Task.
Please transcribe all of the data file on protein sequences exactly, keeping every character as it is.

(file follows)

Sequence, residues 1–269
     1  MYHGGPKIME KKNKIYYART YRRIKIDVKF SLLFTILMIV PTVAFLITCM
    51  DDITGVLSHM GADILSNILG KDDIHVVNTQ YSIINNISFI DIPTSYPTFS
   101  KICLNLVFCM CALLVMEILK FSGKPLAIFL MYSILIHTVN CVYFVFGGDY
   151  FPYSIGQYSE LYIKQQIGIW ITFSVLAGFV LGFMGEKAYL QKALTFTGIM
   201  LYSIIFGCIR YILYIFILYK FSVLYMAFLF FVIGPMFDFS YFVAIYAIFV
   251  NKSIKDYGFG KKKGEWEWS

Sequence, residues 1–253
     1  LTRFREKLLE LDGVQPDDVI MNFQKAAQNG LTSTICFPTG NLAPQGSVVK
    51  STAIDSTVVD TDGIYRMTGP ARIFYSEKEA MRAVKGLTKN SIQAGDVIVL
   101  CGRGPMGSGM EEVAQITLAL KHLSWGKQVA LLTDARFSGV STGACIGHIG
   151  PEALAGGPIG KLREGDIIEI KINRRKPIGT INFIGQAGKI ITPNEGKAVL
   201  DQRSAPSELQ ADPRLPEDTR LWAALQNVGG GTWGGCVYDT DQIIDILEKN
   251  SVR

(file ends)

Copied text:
Sequence, residues 1–269
     1  MYHGGPKIME KKNKIYYART YRRIKIDVKF SLLFTILMIV PTVAFLITCM
    51  DDITGVLSHM GADILSNILG KDDIHVVNTQ YSIINNISFI DIPTSYPTFS
   101  KICLNLVFCM CALLVMEILK FSGKPLAIFL MYSILIHTVN CVYFVFGGDY
   151  FPYSIGQYSE LYIKQQIGIW ITFSVLAGFV LGFMGEKAYL QKALTFTGIM
   201  LYSIIFGCIR YILYIFILYK FSVLYMAFLF FVIGPMFDFS YFVAIYAIFV
   251  NKSIKDYGFG KKKGEWEWS

Sequence, residues 1–253
     1  LTRFREKLLE LDGVQPDDVI MNFQKAAQNG LTSTICFPTG NLAPQGSVVK
    51  STAIDSTVVD TDGIYRMTGP ARIFYSEKEA MRAVKGLTKN SIQAGDVIVL
   101  CGRGPMGSGM EEVAQITLAL KHLSWGKQVA LLTDARFSGV STGACIGHIG
   151  PEALAGGPIG KLREGDIIEI KINRRKPIGT INFIGQAGKI ITPNEGKAVL
   201  DQRSAPSELQ ADPRLPEDTR LWAALQNVGG GTWGGCVYDT DQIIDILEKN
   251  SVR